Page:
*Unexpected errors while looking for the best angular fit between the imaged stars and their reference locations.*

My early efforts to map the imaged stars onto their virtual camera positions showed unexpected errors. They were close, but displayed error amounts that were inconsistent with a simple scale or rotation mismatch.

It seemed possible that the errors came about because of the radial distortion of the lens, which one reference suggested might be as much as 0.05%, a huge amount for this measurement.

To calibrate, a frame with more stars included (via increasing the ISO) were compared with their target (reference) locations and the radial errors were plotted and a correction curve computed to best fit them.

*Reference stars and detected stars. The correlated pairs are used for evaluating radial distortion.*

There are reference stars that do not have a corresponding star in the image, but there are many more detected stars without a reference coordinate. These may be spurious noise, or faint stars that were not listed in the reference star database (displayed by Stellarium).

*The correlated pairs of reference and detected image stars with an indication of the position discrepancies. Near-center stars are too close, and farther stars are too far.*

The errors range over +/- 15 arcseconds, a few pixels in the image, but ten times the amount of deflection signal we are trying to detect.

To improve on this, we need to perform the rigid transform that finds the image center and angle that best aligns the detected stars with their reference locations.

*The radial errors, plotted as a function of distance from frame center. A polynomial fit is made to approximate them.*

A radial correction function can then be obtained by finding a polynomial fit to the residual errors. This means that a function with factors of radius: r^{0}, r^{1}, r^{2}, r^{3} etc. is used to approximate the distortion introduced by the lens. Knowing the distance from the center, we can use it to compute how the lens has shifted the star positions toward or away from the center, and then correct them.

I experimented with several forms of the polynomial function and found that the best behaved was among the simplest. It did NOT include an offset term (r^{0}), and the linear term (r^{1}, equivalent to magnification), was minimized by adjusting the overall base image magnification (arcseconds per pixel). This results in the linear term representing the slight differences in magnification between red, green and blue channels, something that apochromatic lenses strive to match but cannot be perfect at. The remaining error was well represented by the r^{2} term.

Here are the results averaged from multiple image frames of the eclipse target area:

Camera base magnification to reference frame (arcseconds per pixel):

scale = 2.8443; % average of EOS 6D calibration frames taken 20170601

This value is used in imagePos.m (step EE-2) as the scale factor to bring star positions into the reference frame where one increment (pixel) equals one arcsecond.

Linear (r^{1}) coefficients (x10^{-3}):

R 0.7731

G 0.5185

B 1.0245

Squared (r^{2}) coefficients (x10^{-3})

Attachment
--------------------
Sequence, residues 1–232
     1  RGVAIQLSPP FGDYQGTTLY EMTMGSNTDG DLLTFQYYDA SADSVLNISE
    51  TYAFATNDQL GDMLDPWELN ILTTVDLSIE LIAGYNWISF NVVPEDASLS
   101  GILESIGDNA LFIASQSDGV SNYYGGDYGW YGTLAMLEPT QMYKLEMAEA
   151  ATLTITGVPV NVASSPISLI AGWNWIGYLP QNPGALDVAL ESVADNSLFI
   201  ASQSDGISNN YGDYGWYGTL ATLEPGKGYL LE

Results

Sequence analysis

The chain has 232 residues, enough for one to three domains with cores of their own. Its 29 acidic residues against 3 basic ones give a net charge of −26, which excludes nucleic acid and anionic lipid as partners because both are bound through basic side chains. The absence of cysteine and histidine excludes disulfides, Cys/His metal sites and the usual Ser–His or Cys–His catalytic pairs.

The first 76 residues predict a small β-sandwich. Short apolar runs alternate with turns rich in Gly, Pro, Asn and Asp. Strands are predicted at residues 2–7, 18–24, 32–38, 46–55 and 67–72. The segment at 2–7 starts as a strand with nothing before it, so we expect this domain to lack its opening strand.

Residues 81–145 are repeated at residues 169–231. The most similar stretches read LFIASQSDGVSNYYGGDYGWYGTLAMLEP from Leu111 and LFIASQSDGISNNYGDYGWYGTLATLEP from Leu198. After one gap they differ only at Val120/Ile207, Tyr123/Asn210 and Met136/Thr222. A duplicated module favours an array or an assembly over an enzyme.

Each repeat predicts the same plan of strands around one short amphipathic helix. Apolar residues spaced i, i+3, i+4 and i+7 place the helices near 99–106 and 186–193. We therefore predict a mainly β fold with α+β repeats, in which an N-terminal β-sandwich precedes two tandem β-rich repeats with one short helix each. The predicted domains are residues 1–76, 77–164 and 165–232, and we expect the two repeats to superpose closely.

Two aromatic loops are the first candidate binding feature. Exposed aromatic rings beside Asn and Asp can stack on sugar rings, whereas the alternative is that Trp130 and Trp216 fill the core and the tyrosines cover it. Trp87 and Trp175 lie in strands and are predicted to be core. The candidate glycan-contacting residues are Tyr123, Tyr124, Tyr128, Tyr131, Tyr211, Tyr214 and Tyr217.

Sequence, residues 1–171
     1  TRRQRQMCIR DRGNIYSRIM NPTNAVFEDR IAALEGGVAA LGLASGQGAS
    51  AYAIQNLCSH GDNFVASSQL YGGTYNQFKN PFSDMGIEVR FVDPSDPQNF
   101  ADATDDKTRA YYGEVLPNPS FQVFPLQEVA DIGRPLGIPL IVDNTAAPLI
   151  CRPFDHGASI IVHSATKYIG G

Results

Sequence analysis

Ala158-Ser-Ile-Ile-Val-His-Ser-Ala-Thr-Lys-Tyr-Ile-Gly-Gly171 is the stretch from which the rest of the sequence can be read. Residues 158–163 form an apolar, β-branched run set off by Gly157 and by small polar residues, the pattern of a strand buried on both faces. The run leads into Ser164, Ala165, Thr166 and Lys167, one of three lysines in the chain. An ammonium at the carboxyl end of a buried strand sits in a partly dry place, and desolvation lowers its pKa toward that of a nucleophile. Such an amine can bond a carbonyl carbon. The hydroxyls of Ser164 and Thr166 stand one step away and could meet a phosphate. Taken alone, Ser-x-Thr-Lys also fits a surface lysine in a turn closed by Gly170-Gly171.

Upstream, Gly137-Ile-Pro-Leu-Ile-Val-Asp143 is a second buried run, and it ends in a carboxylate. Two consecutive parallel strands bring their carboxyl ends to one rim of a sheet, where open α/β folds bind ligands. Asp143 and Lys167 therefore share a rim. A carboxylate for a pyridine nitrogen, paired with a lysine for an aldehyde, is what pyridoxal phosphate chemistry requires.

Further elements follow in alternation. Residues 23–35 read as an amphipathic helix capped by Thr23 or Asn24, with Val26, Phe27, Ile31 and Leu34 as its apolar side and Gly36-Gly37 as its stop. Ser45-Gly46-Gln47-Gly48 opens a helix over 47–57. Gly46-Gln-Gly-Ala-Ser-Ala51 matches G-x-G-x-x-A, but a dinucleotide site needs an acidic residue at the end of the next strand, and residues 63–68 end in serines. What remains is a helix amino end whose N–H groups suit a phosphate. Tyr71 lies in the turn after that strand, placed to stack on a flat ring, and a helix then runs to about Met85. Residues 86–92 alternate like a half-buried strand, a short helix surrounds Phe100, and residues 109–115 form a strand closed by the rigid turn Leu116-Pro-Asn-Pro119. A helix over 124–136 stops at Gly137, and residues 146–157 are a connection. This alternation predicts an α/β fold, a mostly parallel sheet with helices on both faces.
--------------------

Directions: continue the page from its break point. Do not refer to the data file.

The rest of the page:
R 1.1969

G 1.2564

B 1.1745

The linear coefficients are the differential magnifications between the red, green, and blue channels of the image. Green has a small (1/2 arcsecond per thousand) magnification difference from the base magnification. Red is a little higher, and the blue correction is about twice that of the green channel. The image would show a star’s image as having a green fringe toward the image center and a blue fringe at the outside. This captures the general chromatic aberration of the Televue-85 telescope I am using. It is a highly corrected lens that offers beautiful visual views; only a high resolution camera can quantify its color mismatch.

The squared coefficients indicate a general behavior of lenses and how ideal they are in projecting their field of view onto the perfect geometric projection we are using as our reference frame. These corrections are also quite small, but over enough radial distance contribute a position error that builds up to many arcseconds.

The lens correction coefficients (the linear and squared terms just described) are applied in step 3, radialAlign.m which provides the final set of detected star positions which have been angularly centered, and radial lens corrected. There are still some errors from the reference positions, but they are much reduced.

The remaining errors, plotted against radial distance from the center are limited to around +/- 5 arcseconds, and do not show any significant trend. If they did, we could identify it and apply additional corrections to remove it.

*The residual errors after using the polynomial correction.*

The radial correction brings the RMS errors to within 2 arcseconds (red) to 4 arcsec (blue). I’m not sure what the source of this residual error is, but it is of the same magnitude as typical Minnesota astronomical seeing. It may just be the twinkling motion of the stars. We could check this by comparing two separate exposures to see if the errors are correlated. If they are, then it is NOT due to atmospheric turbulence. If they are uncorrelated, then we need to find some way to overcome this variation, because it is larger than the signal we are looking for.